The Tea Party Movement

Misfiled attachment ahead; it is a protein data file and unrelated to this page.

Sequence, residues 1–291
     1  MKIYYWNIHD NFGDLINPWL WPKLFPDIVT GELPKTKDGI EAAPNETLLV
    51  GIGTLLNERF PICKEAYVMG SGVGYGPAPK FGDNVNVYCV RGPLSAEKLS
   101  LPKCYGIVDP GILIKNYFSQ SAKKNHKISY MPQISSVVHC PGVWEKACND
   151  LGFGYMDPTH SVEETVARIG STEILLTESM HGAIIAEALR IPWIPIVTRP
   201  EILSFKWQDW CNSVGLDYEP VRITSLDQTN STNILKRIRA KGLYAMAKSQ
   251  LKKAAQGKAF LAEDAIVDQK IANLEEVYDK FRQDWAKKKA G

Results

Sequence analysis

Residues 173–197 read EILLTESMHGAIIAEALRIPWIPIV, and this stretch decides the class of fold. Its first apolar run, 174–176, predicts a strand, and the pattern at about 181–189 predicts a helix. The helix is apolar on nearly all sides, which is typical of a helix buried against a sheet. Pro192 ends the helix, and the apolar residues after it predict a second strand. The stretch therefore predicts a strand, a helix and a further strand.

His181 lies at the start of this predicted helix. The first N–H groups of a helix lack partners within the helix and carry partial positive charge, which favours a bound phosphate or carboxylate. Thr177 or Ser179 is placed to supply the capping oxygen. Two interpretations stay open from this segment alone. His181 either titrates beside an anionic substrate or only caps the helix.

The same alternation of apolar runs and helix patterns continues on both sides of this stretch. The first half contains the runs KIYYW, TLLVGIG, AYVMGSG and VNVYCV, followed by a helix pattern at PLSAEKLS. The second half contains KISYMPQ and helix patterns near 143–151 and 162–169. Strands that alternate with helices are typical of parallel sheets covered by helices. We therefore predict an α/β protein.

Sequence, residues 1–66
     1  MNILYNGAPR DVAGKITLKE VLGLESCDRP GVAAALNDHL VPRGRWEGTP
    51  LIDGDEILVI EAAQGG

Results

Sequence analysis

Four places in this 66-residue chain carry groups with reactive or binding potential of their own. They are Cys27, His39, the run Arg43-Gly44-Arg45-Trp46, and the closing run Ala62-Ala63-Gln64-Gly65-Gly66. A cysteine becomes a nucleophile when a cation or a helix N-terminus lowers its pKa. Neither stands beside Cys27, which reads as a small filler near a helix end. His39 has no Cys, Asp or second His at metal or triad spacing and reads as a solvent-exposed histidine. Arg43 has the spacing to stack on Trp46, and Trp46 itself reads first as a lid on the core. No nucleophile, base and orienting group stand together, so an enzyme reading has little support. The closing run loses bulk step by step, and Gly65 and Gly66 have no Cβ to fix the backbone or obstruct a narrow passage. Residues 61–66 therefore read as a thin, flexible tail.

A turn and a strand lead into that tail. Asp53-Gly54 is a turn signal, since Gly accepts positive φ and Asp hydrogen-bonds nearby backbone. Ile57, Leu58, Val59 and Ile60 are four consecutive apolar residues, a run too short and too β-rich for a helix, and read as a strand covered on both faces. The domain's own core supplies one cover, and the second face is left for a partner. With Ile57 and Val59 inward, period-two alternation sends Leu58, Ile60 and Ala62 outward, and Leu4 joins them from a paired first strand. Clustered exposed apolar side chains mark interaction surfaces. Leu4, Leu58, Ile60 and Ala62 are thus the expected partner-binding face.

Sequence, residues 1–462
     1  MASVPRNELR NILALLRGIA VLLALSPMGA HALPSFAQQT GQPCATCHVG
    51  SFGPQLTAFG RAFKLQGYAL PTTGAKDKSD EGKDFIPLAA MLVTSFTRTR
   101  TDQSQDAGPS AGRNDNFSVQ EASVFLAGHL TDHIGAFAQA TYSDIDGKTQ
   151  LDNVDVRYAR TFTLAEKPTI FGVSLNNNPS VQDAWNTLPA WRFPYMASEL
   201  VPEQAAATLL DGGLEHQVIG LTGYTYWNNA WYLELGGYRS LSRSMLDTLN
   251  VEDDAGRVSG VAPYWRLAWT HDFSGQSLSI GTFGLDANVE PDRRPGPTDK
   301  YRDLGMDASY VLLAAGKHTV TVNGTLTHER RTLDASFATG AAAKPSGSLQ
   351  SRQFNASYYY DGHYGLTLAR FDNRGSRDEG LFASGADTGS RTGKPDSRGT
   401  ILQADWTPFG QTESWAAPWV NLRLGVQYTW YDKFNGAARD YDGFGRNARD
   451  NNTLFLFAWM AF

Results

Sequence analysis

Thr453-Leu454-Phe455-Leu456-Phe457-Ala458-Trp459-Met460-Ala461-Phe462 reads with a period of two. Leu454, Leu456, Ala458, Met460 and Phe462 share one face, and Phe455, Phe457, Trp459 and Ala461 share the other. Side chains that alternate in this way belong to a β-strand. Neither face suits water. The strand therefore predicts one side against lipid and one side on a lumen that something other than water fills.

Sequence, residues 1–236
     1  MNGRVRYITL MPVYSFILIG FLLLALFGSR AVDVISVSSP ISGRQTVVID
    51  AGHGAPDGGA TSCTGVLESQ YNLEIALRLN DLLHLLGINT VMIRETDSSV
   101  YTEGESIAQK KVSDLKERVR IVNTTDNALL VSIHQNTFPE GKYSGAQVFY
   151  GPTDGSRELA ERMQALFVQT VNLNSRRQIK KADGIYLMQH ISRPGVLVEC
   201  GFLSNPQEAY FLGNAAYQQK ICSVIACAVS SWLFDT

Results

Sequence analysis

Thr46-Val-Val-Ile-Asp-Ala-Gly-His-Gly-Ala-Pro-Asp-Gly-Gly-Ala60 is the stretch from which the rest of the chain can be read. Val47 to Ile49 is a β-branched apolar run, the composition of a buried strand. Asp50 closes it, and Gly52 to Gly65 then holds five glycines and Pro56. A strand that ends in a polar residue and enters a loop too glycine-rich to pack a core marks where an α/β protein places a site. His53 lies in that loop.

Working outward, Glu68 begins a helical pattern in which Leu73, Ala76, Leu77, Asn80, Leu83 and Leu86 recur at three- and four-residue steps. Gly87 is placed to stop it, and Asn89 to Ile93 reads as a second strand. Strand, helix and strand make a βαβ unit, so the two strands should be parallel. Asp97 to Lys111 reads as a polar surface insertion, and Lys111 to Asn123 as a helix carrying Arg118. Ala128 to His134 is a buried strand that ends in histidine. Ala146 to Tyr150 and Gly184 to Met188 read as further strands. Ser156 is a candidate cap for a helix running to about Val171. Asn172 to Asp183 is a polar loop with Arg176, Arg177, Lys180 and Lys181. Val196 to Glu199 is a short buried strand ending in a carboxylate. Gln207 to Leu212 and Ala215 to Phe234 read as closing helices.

The Tea Party Movement Demetrius Zissimos Following the 2008 economic crisis, a wave of anger flushed throughout the U.S. creating to separate groups, both upset and both clamoring for a change. The Tea Party Movement, a movement founded by a large majority of elder conservatives, a conservative middleclass and large amount of upper class Americans disgruntled with government power and taxes, and the Occupy Wall Street movement, founded by a majority of a younger liberal crowd upset at the power of corporations and their control over the government, were born. Both ideologies gained a large following as they gathered in cities all over the U.S. and in the case of OPW (Occupy Wall Street) all over the world. Both demanded change, using social media and modern technology to their advantage. Yet although there may be a few similarities within their frustrations with the government, they are separated by vast differences found in their ideologies, methods, membership, approval rating, and overall impact within the political syst em. The Tea Party at its core claims to protest foremost the size and power of the government. It states that the government is too large and its taxing of the people has become out of control. These taxes, as a lot of the members within the Tea Party would argue, are only used to fund government programs that are really handouts given to those who are merely taking advantage of the system. Yet at the same time, a large amount of the Tea Party’s population are elderly, and thus rely heavily on government programs like social security and Medicare. It’s hard to understand how a group can argue against the government social programs, while taking advantage of such programs themselves. Their justification for what most would call a double standard also gives light into more topics that fit into the Tea Party’s platform. They explain that they earned the usage of such social programs after working in the U.S. and paying taxes for so long. Their issue with the other socia l programs is that the government is helping people who do not benefit society, making illegal immigrants a large majority of the â€Å"people† mentioned. This hostility towards illegal immigration amplifies a distrust against the Obama administration, who they claim to be way too lax on the issue. At this point, the hostility against immigrants attracts a certain kind of intense and overzealous crowd to the movement, one easily described as opinionated and very racist. The far right conservatives joined the movement, those who focused on certain ideas that are extreme to say the least. Such examples are the claims made by the Tea Party that Obama is a terrorist, was not born in the U.S., and is actually Muslim despite his public talks of being a Christian. This blind hatred is unfortunately a common theme, spurred on as government leaders like Sarah Palin speak as leaders for the movement. Including their blind allegations against President Obama, Tea Party politicians have a history of extreme and controversial thoughts that have given the movement a reputation of racist and extremist conservatives and served equally as a publicity stunt used to gain as much attention as possible. Especially concerning women’s rights and rape, Tea Party politicians have been quoted making outrageous statements that cost them seats in government positions. The Tea Party has history of relying on extreme and insensitive statements to gain attention and gain a following of hardcore conservatives who blindly follow anyone that hits a particular point they feel to be underrepresented. Evidence is found in their â€Å"15 Non-negotiable Core Beliefs†, which involve â€Å"English is our core language,† â€Å"Illegal aliens are here illegally,† and â€Å"Traditional family values are encouraged.†(2) These traditional family values normally involve stripping women of the right to control their own bodies, even under extreme conditions, and are a large attraction by the extremist, normally sexist conservative. These few examples of core beliefs show a movement that is so focused on gathering followers that it loses track of what the movement actually started as, toning down government spending, taxes and power. This creates a stark difference compared to Occupy who manages to keep a relatively focused mission of a few core beliefs, instead of casting a broad net to get any followers they can. Such extremism is a huge difference between the Tea Party and Occupy Wall Street because although Occupy took extreme measures of showing anger, they first off never created a political party, and second of all are not quoted having such extreme view points as those in the Tea Party. Occupy consists of a membership made up mainly of a younger crowd than that of the Tea Party, with three general stereotypes used to define its membership, middle class liberal Americans, hipsters, and unemployed college graduates. These three groups find a common ground speaking out against the relatively light taxing of the rich compared to the middle class, the government’s inability to investigate and punish corporations and their executives that caused the 2008 collapse and speak for a reform of the system of financing in which politicians rely on large corporations in order to gain political power. Although Occupy is upset with the federal government like the Tea Party, their main enemies are large faceless corporations. These corporations are not being held responsible for their reckless actions that affect the â€Å"99 percent.† The movement claims to speak against the one percent of the population that holds a huge majority of the nation’s wealth, and rules unfairly over the rest of the country, coining the term the â€Å"99 percent† or the majority of the people. This idea of the majority would likely align the movement with ideals of Mill’s liberalism, although they also share similarities with Marxism in their conflict of the one percent, who could be seen as the bourgeoisie, and the 99 percent or the proletariats’, and the small revolution they committed by publicly organizing and disrupting Wall Street. But ideologically, Liberalism is the best fit for Occupy as both speak for the rule by the majority the 99 percent. Also both see that the government has a role of protecting the majority, something that Occupy argues the government did not do. The Tea Party can also find similarities with Mill’s Liberalism, in that both have government holding very little power. Although the Tea Party is not really considered with the wide majority, they do argue for certain â€Å"liberties† like gun control. Marxism however is a hard fit for the Tea Party, as both have very little in common. In regards to Fascism, both Occupy and the Tea Party are on opposite ends of the spectrum, as neither want a complete control by the government, and Fascism is strictly against the rule of the majority. Although Occupy Wall Street had an altogether more effective protest force than the Tea Party (Estimates put the largest protest for Occupy Wall Street at over 1.4 million people in 950 cities in 84 countries, and the largest Tea Party protest at 311,460 people in 346 cities.(1)), Occupy didn’t create its own political party like the Tea Party did. This hurt the movement, in that it became mostly focused as a movement and ideology, without much of a political impact. Even though the Democratic Party has shown small influences from Occupy in their speeches, very little can actually be proven to be done by the movement politically, while the Tea Party has had a more impactful political career. The Tea Party is credited to bringing more attention and energy back to the Republican Party after the 2008 presidential elections. Although the Tea Party didn’t gain any real traction in the government, it can be argued that the Republican party has adopted a few of the issues firs t argued by the movement, although those issues are very watered down, and try to avoid the extremist views of the Tea Party movement. But Occupy still holds a better public opinion, as 54 % of people have shown agreement with Occupy, while 20% of the population has shown agreement with the much more extreme Tea Party(1), a fact that can be explained through the extreme statements that the Tea Party used as a claim to fame. Yet to its benefit, Occupy Wall Street has a message that has reached not only a large population in the U.S. but also in other countries. It can be argued as well that Occupy never meant to gain a true political following, as they kept a relatively vague mission statement, and never had true leadership taking the reins. The 2008 economic collapse was an event that spurred an angry population into action, action that eventually involved millions of people, all of whom were unified by a common cause. Whether they were following the radical views of the Tea Party, or aiming for a more protected majority like Occupy, both movements have had everlasting effects, not only on the political spectrum but also within the people. Both movements while separate in following, ideology and overall methods both share the common ground of being vehicles to show displeasure against a government that has become distanced from those it is mean to protect. This cause at its core is admirable and American to its foundation as we are a country born of civil disobedience and protest against a government that takes advantage of its people. Work Cited: Brownsend, Jeremy. Occupy Wall Street (OWS) vs The Tea Party: A Brief Comparison. (n.d.): n. pag. Fact and Myth. 3 Feb. 2014. Web. 4 Nov. 2014. About Us Tea Party. Tea Party. N.p., n.d. Web. 02 Nov. 2014. Skocpol, Theda, and Vanessa Williamson. Perspectives on Politics. The Tea Party and the Remaking of Republican Conservatism. 1st ed. Vol. 9. Oxford: Oxford UP, 2012. N. pag. Mar. 2011. Web. 4 Nov. 2014. Ray, Michael. Tea Party Movement. Encyclopaedia Britannica Online. Encyclopaedia Britannica, 12 June 2014. Web. 4 Nov. 2014. Sledge, Matt. Reawakening The Radical Imagination: The Origins Of Occupy Wall Street.The Huffington Post., 10 Nov. 2011. Web. 02 Nov. 2014. Murray, Mark. The Tea Party, Four Years Later.NBC News. NBC News, 16 Apr. 2013. Web. 05 Nov. 2014. Sorkin, Andrew Ross. Occupy Wall Street: A Frenzy That Fizzled.Occupy Wall Street A Frenzy That Fizzled. New York Times, 17 Sept. 12. Web. 05 Nov. 2014.